When the Rwandan genocide spilled over into the Democratic Republic of Congo in 1996, Andre Sungura and Binwa Masoka were among the thousands of Congolese who fled for their lives.

The young couple, barely out of their teens, abandoned their small farm and spent a week traveling by foot and boat with their 2-year-old daughter Christina before finding sanctuary across the Tanzanian border in the Nyarugusu refugee camp.

With more than 100,000 displaced persons struggling to survive, the sprawling camp was no one’s idea of a good place to raise a family, but the family couldn’t go back to Congo without putting their lives at risk.

Nyarugusu would be their home for the next 20 years.

Finally, one country opened its arms to them: the United States. In May 2016, the family — which had grown to include two more children and a grandchild — was allowed to immigrate to Oregon.

With help from the government and a nonprofit resettlement agency, they began to build a new life in Corvallis.

“Everything here is better,” Binwa said, speaking through an interpreter. “Africa is nothing but problems.”

The U.S. has long been a beacon of hope for people driven from their homes by war, famine and other disasters, both natural and manmade. But that may be starting to change.

Since sweeping into the White House on an “America first” platform, President Donald Trump has taken a number of actions aimed at stemming foreign immigration into this country.

During his first year in office, Trump held refugee admissions down to about 54,000 — roughly half the number approved by his predecessor and down sharply from the 84,995 taken in by the Obama administration during the previous fiscal year. For fiscal 2018, Trump has asked Congress to cap admissions at 45,000.

That has refugee advocates worried.

“We have definitely abdicated our position as the global leader in resettling refugees,” said Danielle Grigsby, associate director of Refugee Council USA.

‘We ran from war’

Andre and Binwa’s long journey to the United States began in the fall of 1996, when Rwandan forces invaded eastern Congo to hunt down groups of armed exiles associated with the country’s 1994 genocide.

On Nov. 26, when the fighting came too near their home, the couple grabbed their daughter and made a desperate bid for safety, scrambling to stay one step ahead of the men with guns.

“We ran from war,” recalled Binwa, speaking through a volunteer Swahili translator.

“When we heard artillery or guns were shooting, we ran. We didn’t eat or drink, we were just running.”

After several days on foot, they were able to book passage by boat across Lake Tanganyika, ultimately arriving at Nyarugusu, a camp set up by the government of Tanzania and the United Nations High Commissioner for Refugees.

One of the largest refugee camps in the world, Nyarugusu currently has a population of about 135,000 displaced persons from Congo and Burundi, according to the UN.

Accommodations were spartan, with food, water and medicine often in short supply.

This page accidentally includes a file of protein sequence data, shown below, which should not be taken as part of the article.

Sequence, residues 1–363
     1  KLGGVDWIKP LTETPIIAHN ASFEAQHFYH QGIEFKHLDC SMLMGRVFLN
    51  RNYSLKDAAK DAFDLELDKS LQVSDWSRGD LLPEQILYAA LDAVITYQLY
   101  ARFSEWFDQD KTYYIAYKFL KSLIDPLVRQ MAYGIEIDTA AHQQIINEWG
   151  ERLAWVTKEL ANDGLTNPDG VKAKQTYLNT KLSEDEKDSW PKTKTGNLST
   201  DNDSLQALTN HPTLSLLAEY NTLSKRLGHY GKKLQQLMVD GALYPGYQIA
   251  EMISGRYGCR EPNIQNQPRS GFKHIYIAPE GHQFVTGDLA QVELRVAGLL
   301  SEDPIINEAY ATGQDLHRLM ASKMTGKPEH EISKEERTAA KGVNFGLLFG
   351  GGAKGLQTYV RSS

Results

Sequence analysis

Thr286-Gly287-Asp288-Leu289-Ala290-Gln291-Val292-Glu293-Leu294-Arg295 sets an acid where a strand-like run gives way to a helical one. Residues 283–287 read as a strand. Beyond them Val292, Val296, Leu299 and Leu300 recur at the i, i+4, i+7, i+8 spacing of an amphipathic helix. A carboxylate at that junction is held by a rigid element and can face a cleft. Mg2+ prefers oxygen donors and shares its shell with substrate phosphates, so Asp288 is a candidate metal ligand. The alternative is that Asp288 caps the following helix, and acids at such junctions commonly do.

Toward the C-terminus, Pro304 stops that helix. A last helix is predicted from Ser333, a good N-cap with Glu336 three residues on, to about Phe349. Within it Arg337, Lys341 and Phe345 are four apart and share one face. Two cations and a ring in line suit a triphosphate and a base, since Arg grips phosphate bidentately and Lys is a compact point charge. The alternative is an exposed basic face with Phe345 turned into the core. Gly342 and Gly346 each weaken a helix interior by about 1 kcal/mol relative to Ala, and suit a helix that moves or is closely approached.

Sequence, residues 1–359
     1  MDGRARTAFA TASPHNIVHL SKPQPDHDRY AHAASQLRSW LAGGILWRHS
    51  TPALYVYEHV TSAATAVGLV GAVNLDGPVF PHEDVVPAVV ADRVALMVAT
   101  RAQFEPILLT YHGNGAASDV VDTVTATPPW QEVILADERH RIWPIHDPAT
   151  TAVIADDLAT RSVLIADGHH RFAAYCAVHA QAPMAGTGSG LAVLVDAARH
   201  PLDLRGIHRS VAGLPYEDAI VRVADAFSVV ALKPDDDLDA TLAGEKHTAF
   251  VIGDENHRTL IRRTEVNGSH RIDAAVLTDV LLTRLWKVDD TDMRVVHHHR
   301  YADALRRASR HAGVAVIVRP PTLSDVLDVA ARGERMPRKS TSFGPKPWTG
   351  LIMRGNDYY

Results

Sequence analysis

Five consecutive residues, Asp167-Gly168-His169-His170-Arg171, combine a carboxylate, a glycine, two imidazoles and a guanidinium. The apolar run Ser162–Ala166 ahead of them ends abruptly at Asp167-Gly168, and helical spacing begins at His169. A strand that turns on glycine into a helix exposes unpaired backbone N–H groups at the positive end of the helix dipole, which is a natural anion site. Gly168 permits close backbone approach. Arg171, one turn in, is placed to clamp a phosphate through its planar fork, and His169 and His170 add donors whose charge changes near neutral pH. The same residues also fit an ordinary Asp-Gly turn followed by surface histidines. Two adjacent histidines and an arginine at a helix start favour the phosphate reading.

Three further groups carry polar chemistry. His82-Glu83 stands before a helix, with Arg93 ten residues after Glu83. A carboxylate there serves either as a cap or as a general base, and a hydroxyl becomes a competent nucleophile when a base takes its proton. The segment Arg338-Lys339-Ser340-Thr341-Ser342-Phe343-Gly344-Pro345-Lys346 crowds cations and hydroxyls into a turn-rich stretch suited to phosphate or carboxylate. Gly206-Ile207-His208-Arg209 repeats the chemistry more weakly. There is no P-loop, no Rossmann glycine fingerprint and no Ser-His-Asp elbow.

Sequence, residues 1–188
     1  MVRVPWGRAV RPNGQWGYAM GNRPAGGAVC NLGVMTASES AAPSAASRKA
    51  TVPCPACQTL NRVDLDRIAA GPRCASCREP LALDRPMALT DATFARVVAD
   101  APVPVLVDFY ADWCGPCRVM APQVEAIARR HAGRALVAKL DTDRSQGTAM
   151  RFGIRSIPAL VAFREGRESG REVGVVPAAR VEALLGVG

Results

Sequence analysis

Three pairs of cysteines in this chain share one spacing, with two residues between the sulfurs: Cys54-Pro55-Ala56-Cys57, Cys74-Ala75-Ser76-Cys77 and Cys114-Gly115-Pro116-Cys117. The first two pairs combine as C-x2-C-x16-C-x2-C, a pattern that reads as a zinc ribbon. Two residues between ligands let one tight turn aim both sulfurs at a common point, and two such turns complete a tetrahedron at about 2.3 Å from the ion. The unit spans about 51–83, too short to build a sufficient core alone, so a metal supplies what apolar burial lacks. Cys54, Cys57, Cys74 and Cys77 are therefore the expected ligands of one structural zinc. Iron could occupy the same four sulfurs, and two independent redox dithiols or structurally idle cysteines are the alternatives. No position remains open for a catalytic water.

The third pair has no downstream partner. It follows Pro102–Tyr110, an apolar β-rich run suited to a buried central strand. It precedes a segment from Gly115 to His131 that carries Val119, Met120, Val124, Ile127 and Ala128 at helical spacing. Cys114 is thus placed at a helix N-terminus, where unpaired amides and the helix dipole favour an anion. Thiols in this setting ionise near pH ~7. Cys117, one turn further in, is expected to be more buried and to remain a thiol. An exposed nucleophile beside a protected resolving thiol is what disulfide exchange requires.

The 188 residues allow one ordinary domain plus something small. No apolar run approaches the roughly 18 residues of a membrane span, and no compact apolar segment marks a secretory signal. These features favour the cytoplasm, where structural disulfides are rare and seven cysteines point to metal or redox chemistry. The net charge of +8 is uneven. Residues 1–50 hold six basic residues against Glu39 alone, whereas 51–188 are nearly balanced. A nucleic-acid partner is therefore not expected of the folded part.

“People were just thrown in the bush,” Binwa said. “It was one problem after another.”

The family was given a tent, but it soon wore out, so they cut grass to build a house. They had no money for clothing. Daily living could be chaotic, even dangerous.

“Water came in a tanker truck,” Binwa said. “People were pushing. If you dropped your child, it would die.”

And there were periodic outbreaks of political violence.

“People from Burundi would come,” she said. “They were breaking down doors and killing people.”

In the midst of all this, Andre and Binwa had two more children, a girl, Moshi, and Saidi, a boy. At 10 months of age, Moshi fell ill in an outbreak that killed many of the children in camp. While she survived, the disease ravaged her body, leaving her unable to walk, speak or feed herself.

Christina grew to adulthood, got married and became a mother in the camp, giving birth to a son named Dieu-donne, French for “gift of God.”

The family hoped for a better life, but there was little they could do to change their situation. Resettlement opportunities are extremely limited, and refugees can’t apply for the program — they have to be selected by UN officials based on personal circumstances and risk factors.

After 18 years at Nyarugusu, Andre and Binwa were flagged as candidates for resettlement. Asked where he might like to go, Andre said his preference would be the United States.

“My father had a friend who was an American,” he said, smiling at the memory. “This man said there weren’t problems here in this country. It was a good place.”

It would be two long years before the family received approval to immigrate to the U.S. But once they cleared the exhaustive vetting process (including security checks by the FBI, Defense Department and Homeland Security), things happened quickly.

They were given one month’s notice that they would be moving to the States, to a place called Portland, Oregon.

“We had no idea what this place was like,” Binwa said.

Added Christina: “We just thought it would be OK.”

Open arms

Refugees accepted for resettlement into the United States must be sponsored by one of nine non-governmental organizations under a contract with the State Department, which provides funding to help the new arrivals get established in this country.

Andre and Binwa’s family is sponsored by Church World Service through Sponsors Organized to Assist Refugees, or SOAR, an arm of Ecumenical Ministries of Oregon.